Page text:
Study Design. Prospective observational study with a 2- to 3-year follow-up.
Objectives. To determine whether delayed muscle reflex response to sudden trunk loading is a result of or a risk factor for sustaining a low back injury (LBI).
Summary of Background Data. Differences in motor control have been identified in individuals with chronic low back pain and in athletes with a history of LBI when compared with controls. However, it is not known whether these changes are a risk for or a result of LBI.
Methods. Muscle reflex latencies in response to a quick force release in trunk flexion, extension, and lateral bending were measured in 303 college athletes. Information was also obtained regarding their personal data, athletic experience, and history of LBI. The data were entered into a binary logistic regression model to identify the predictors of future LBI.
Results. A total of 292 athletes were used for the final analysis (148 females and 144 males). During the follow-up period, 31 (11%) athletes sustained an LBI. The regression model, consisting of history of LBI, body weight, and the latency of muscles shutting off during flexion and lateral bending load releases, predicted correctly 74% of LBI outcomes. The odds of sustaining LBI increased 2.8-fold when a history of LBI was present and increased by 3% with each millisecond of abdominal muscle shut-off latency. On average, this latency was 14 milliseconds longer for athletes who sustained LBI in comparison to athletes who did not sustain LBI (77  vs. 63 ). There were no significant changes in any of the muscle response latencies on retest following the injury.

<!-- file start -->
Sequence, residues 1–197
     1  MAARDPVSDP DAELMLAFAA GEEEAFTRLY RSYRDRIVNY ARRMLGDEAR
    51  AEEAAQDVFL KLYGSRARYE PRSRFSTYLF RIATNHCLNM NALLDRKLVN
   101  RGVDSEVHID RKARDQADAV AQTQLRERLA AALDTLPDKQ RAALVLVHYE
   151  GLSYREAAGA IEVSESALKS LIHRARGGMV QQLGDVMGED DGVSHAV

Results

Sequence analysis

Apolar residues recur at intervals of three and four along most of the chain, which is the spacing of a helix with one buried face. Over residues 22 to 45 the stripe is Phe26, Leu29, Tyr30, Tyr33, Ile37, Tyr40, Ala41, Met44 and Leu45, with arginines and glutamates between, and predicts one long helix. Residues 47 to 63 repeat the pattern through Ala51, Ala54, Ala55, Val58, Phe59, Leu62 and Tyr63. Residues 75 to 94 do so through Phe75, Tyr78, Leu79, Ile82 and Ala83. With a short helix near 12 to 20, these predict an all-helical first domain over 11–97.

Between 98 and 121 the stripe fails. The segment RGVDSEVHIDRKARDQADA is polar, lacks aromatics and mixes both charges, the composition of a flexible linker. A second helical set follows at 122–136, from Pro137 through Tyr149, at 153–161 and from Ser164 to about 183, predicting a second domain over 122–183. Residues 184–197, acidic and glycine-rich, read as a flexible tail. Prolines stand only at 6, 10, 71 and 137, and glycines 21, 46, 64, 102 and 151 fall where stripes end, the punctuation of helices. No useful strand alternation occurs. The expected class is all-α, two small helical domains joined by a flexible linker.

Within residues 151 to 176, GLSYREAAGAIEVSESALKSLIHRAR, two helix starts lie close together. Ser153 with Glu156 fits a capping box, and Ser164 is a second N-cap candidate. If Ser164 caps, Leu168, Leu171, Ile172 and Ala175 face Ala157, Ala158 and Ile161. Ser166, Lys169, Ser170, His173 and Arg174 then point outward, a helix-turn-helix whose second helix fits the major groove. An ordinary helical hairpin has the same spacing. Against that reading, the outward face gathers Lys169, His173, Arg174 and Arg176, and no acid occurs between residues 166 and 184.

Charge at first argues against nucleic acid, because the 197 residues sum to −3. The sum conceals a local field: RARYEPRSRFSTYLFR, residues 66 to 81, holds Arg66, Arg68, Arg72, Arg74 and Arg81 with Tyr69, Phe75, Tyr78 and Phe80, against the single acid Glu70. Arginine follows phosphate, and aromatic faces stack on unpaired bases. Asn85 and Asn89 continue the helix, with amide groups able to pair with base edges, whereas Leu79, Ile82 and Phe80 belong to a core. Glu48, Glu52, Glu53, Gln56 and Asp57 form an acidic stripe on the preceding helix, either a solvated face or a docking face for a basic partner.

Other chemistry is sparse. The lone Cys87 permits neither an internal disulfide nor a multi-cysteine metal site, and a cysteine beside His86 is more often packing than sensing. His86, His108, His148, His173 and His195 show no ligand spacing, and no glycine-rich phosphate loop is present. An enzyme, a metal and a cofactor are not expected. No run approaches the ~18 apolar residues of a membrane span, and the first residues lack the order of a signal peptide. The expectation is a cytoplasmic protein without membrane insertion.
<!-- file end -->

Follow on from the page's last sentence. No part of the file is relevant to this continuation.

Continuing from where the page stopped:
Conclusions. The delayed muscle reflex response significantly increases the odds of sustaining an LBI. These delayed latencies appear to be a preexisting risk factor and not the effect of an LBI.
Muscle reflex latencies in response to sudden trunk loading were measured in 303 athletes who were then followed up for 2 to 3 years. The results indicate that longer latencies are a significant preexisting risk factor and not the effect of a low back injury.
From the *Biomechanics Research Laboratory, Department of Orthopaedics and Rehabilitation, Yale University School of Medicine New Haven, CT; and †Rehabilitation Sciences Research Laboratory, Drexel University, Philadelphia, PA.
Acknowledgment date: October 18, 2004. First revision date: August 4, 2005. Acceptance date: August 19, 2005.
Supported by NIH Grant No. 5R01 AR46844 from the National Institute of Arthritis and Musculoskeletal and Skin Diseases.
The manuscript submitted does not contain information about medical device(s)/drug(s).
No funds were received in support of this work. No benefits in any form have been or will be received from a commercial party related directly or indirectly to the subject of this manuscript.
Address correspondence and reprint requests to Jacek Cholewicki, PhD, Biomechanics Research Laboratory, Department of Orthopaedics and Rehabilitation, Yale University School of Medicine, P.O. Box 208071, New Haven, CT 06520-8071; E-mail: email@example.com